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Review of "Bell labs: Life in the Crown Jewel" by Narain Gehani, Silicon Press

Ubiquity, Volume 2003 Issue February, February 1 - February 28, 2003 | BY Robert M. Siegmann 


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Competition in the telecommunications industry has come at a tremendous cost

Competition in the telecommunications industry has come at a tremendous cost

Bell Labs: Life in the Crown Jewel, Narain Gehani, Silicon Press, ISBN 0-929306-27-9, 2003, 269 pages, Hardcover, $29.95 (US Dollars)

In his book, Dr. Narain Gehani has delivered an insider's chronology and commentary of the birth, life, radical transformation and downsizing of Bell Labs. This former world-class research organization has, over the years, made outstanding contributions to science.

From 1978 to 2001, Dr. Gehani worked at Bell Labs in several capacities, but mostly in software technology for the research arm of Bell Labs in Murray Hills, New Jersey. In this personally engaging and often informative story he gives an account of the culture and accomplishments of this pure research organization. He first traces its glory days under the old AT&T, before the forced divestiture in 1984. He then details the many changes from 1984 to its current near-extinction status as a part of Lucent. As a researcher and then a research manager, he shares many interesting real-life insights, amusing stories and his view of the impact of corporate business dynamics. The book would be useful to anyone seeking an inside look and assessment of how one large, pure research, organization operated first in a monopolistic and then a competitive business environment.

Apparently in Dr. Gehani's effort to organize his material in a more entertaining and engaging way, he felt it necessary to repeat many of his main themes and points over and over again. For example, one of these themes is the dilemma that a pure researcher faces when confronted with the reality of working for a company that has moved from a monopolistic to a competitive business environment. He details how a typical researcher's old work psyche of being in charge of everything he does is dramatically changed after his company enters a highly competitive business market. Nevertheless, the author is quite creative in the way he repeats his themes, but the "d�j� vu" feeling is always present as one progresses through the book. In the description of those projects in which he was personally involved as a researcher or a manager, the author elaborates on his role in and contribution to each project.

My favorite chapter was "The Crown Jewel" (Chapter 2), in which the author describes how the old Bell Labs (before the 1984 divestiture), was justifiably the ultimate place for a pure researcher to work. "Life In Murray Hill" (Chapter 3) was a good follow-up to Chapter 2 in that he gave many personal observations, anecdotes and illustrations of what life was like in this ideal research environment. In subsequent chapters he describes the impact that AT&T's trivestiture in 1996 had on the Bell Labs researchers' esprit de corps. The intervening material, from Chapter 4 to the last chapter, was informative, but mostly provided a setting for the author to exercise creative ways of restating his underlying themes introduced in the first few chapters. This additional material does, however, provide the reader with a glimpse of a number of successful projects and Bell Labs triumphs. Alas, also recorded were a litany of potentially viable projects that got bogged down in the morass of corporate politics, organizational change and management indecision.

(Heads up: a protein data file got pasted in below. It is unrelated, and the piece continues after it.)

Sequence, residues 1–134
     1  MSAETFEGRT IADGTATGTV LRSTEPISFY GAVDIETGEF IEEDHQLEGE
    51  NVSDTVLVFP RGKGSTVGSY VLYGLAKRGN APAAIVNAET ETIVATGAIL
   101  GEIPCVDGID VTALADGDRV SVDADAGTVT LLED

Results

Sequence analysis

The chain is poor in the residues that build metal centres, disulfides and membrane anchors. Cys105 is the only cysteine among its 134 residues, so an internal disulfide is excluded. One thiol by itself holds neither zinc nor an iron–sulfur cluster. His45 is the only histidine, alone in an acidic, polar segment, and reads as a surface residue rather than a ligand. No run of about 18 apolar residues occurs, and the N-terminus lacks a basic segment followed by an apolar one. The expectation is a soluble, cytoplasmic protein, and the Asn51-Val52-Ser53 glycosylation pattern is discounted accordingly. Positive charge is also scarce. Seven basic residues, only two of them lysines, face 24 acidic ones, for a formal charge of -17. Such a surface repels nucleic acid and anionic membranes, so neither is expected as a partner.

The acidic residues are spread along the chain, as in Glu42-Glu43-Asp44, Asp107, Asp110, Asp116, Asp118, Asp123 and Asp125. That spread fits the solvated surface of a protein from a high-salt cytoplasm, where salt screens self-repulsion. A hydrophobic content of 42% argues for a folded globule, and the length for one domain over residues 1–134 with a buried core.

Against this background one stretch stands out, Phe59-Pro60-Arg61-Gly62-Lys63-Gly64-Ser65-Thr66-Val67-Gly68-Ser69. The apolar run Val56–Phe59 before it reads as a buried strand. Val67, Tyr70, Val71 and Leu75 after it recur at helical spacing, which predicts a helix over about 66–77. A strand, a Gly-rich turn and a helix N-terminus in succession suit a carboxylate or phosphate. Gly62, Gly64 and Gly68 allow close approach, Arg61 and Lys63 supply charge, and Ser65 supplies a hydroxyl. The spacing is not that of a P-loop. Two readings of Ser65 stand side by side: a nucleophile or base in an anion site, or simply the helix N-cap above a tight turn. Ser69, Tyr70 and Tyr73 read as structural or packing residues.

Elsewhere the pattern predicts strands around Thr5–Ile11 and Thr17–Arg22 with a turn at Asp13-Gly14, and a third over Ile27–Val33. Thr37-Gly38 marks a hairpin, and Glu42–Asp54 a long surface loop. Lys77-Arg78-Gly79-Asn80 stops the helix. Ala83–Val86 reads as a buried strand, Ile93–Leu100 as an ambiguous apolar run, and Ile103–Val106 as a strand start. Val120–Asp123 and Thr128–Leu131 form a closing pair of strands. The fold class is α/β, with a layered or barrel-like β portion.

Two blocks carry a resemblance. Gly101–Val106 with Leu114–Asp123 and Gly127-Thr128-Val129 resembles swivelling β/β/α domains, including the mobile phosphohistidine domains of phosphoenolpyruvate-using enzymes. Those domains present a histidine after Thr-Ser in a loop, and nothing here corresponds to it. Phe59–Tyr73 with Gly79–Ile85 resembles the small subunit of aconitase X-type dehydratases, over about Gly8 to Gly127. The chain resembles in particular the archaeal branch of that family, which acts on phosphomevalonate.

In the last chapter entitled "Most Fantastic Place!" the author once again reiterates the essence of the organizational elements of his story as follows:

"Bell Labs became the greatest research lab of the twentieth century because AT&T was able to pump large amounts of money into it, which allowed Bell Labs to hire the best researchers, buy them the latest equipment and let them do research unencumbered by business restraints. After 1984, AT&T's revenues were not guaranteed, but they were still substantial enough for AT&T to let Bell Labs operate as before. However, this scenario could not continue for long because AT&T did not fare well in a competitive environment. Revenues did not grow as AT&T had hoped and, in addition, AT&T was losing market share to its competitors.

Bell Labs needed to change since its parent AT&T had undergone radical surgery . . ."

In 1996 AT&T split into three separate companies. One of the new companies, Lucent, was chosen to host most of the groups that were part of the old Bell Labs research organization. Dr. Gehani continues:

"Lucent is a much smaller company than the old AT&T that has been forced to shrink dramatically after its birth in tandem with the fall in its revenues. The Bell Labs budget that Lucent can now fund is much smaller because Lucent is operating in an extremely competitive and a very difficult telecommunication market."

I believe the book has historical merit since it records some of the history of the magnificent Bell Labs as an effective pure research "experiment". As mentioned earlier, the book is also useful for those who want to look inside the covers at how a large research organization operates. Dr. Gehani's book can be viewed as a tribute to the hundreds of dedicated scientists and their incredible contribution to science and mankind. As an author, he is gifted with a smooth writing style and an ability to arrange the material in a way that keeps the reader interested. Above all, he is able to punctuate the dryness of facts with interesting human foibles, conflicts and stories.

And the point of it all? I think when we net it all out: Competition in the telecommunications industry has come at a tremendous cost -- our country has lost its crown jewel.


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